Fine Gael Dublin Senator and solicitor, Catherine Noone, has today (Thursday) said that the reform of our courts system must not be allowed to slip down the political agenda. Senator Noone said the comments made by Chief Justice Susan Denham earlier this week about delays in the Supreme Court highlight the huge backlogs in our legal system.
“I know from my own professional experience the impact huge delays in court proceedings can have on members of the public. The challenge facing our courts system was brought into sharp focus earlier this week when the Chief Justice, Susan Denham, warned that the Supreme Court cannot accept any more emergency cases this term.
“Minister for Justice, Alan Shatter TD, has committed to reforming our court system, and I would urge him to drive this agenda forward within Government. The only way to address the delays being experienced in the Supreme Court and in our other courts, is to establish a new Civil Court of Appeal, which would deal with cases that don’t need to go to the Supreme Court.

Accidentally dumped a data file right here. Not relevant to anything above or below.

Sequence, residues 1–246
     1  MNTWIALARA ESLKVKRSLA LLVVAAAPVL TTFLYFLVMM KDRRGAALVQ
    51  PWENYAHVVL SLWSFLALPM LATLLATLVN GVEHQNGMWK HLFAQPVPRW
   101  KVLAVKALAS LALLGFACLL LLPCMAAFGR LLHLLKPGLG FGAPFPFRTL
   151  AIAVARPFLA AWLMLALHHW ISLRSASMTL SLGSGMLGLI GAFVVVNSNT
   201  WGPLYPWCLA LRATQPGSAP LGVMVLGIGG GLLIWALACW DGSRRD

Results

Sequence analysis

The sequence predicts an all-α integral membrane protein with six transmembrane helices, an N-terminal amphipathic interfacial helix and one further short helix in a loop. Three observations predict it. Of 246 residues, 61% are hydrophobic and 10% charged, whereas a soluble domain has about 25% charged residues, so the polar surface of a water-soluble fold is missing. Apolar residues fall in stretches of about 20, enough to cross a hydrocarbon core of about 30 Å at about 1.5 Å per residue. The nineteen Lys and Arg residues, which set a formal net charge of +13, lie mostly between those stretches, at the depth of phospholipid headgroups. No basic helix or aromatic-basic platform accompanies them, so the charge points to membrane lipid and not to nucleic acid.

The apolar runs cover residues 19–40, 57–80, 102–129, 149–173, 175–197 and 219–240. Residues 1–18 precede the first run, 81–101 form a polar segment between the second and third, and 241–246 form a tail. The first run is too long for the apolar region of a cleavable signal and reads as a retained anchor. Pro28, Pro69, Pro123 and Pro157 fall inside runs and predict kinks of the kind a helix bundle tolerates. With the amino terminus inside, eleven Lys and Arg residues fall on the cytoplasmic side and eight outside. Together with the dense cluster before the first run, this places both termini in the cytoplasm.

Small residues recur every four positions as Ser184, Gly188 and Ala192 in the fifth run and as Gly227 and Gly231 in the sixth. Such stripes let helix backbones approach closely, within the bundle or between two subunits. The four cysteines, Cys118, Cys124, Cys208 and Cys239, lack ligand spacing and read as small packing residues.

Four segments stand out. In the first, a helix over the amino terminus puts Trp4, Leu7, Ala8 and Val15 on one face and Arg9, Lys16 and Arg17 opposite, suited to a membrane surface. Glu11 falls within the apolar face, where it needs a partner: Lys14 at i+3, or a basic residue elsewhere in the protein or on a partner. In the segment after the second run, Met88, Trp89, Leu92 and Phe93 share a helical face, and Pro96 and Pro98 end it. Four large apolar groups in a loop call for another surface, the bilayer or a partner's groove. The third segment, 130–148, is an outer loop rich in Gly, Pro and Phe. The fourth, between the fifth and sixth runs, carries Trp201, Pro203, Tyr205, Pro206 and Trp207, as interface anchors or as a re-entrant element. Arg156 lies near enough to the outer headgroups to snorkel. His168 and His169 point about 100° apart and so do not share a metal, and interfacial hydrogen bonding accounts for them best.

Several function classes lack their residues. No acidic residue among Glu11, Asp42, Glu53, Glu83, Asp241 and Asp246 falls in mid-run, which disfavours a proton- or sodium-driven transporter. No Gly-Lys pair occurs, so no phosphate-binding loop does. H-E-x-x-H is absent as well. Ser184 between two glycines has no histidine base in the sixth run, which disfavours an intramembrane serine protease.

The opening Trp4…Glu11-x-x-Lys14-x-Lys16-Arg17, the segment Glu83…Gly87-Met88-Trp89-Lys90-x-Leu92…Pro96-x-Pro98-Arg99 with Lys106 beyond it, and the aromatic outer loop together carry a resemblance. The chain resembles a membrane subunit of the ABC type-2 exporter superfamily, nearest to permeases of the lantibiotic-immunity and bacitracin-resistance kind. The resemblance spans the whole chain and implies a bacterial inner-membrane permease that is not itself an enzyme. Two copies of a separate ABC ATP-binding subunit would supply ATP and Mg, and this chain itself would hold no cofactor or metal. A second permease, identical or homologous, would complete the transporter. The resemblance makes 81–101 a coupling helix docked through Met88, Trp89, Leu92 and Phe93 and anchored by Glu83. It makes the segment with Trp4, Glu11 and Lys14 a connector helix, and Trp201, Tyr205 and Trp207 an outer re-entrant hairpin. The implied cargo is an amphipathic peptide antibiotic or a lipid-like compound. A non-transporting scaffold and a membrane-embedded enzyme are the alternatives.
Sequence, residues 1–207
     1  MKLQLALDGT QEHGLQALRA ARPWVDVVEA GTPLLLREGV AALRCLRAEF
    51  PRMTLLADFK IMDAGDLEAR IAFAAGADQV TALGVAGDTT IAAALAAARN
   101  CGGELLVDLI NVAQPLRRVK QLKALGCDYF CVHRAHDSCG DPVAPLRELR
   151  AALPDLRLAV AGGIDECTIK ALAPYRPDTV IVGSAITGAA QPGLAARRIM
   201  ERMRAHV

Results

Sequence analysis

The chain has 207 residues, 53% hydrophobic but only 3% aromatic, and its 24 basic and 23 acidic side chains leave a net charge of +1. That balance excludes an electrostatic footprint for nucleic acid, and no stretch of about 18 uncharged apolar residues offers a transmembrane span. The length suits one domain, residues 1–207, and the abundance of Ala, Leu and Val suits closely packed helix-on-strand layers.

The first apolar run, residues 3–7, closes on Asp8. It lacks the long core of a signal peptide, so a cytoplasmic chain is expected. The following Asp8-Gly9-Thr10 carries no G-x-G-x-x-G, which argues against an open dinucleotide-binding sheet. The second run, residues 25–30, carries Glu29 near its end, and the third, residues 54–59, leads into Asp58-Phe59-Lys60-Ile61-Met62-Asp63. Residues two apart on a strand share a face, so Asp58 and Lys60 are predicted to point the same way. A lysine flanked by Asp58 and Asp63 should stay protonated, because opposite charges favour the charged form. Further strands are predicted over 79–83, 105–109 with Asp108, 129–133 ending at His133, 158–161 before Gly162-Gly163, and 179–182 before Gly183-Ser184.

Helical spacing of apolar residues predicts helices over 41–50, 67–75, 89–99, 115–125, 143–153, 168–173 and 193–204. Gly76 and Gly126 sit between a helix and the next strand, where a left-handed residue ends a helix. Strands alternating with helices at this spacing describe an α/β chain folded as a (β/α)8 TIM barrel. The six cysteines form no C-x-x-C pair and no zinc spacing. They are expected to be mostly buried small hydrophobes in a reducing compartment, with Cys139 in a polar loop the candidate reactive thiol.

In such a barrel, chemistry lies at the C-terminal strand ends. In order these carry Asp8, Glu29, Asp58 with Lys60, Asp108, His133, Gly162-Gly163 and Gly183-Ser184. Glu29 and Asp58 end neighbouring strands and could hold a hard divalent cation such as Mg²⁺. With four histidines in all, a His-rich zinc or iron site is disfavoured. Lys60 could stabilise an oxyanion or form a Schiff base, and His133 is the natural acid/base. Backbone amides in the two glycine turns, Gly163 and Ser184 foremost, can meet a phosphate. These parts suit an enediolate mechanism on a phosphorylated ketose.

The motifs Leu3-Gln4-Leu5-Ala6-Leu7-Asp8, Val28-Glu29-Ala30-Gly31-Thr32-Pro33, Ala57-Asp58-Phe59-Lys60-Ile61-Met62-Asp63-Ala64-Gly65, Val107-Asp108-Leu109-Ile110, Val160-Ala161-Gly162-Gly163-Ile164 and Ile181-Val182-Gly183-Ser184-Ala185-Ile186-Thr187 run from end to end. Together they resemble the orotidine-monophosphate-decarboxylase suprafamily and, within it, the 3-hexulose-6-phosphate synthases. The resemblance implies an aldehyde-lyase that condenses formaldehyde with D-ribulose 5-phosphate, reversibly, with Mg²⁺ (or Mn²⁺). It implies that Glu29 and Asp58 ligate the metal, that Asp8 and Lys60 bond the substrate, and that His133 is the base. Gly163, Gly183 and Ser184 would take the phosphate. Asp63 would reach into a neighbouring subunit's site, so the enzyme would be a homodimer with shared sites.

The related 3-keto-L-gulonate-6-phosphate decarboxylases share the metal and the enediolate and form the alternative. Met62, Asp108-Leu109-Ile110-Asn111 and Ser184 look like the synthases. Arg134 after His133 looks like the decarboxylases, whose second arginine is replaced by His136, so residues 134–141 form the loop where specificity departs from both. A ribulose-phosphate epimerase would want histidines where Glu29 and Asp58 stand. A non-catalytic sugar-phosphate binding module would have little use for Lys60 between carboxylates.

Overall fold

“Our Supreme Court can’t filter cases, and as a result people can be waiting up to four years to have their cases heard. This is a completely unacceptable situation. In countries like the US or the UK, Supreme Courts hear fewer than 100 cases a year because they only deal with cases of exceptional constitutional importance.
“Justice delayed is justice denied. I know Minister Shatter is committed to bringing forward legislation to reform our courts, but considering any changes will require the passage of a referendum, I would urge him to ensure legislation is drafted as soon as possible.
“The proposals from Minister Shatter, which also include a new separate Family Court structure,
have the potential to achieve some of the most significant changes to our courts structures since 1924. The reform of our courts will benefit both the public and the taxpayer. I fully support the Minister’s intentions, and I hope can bring forward both legislation and a date for any necessary referendum as soon as possible.”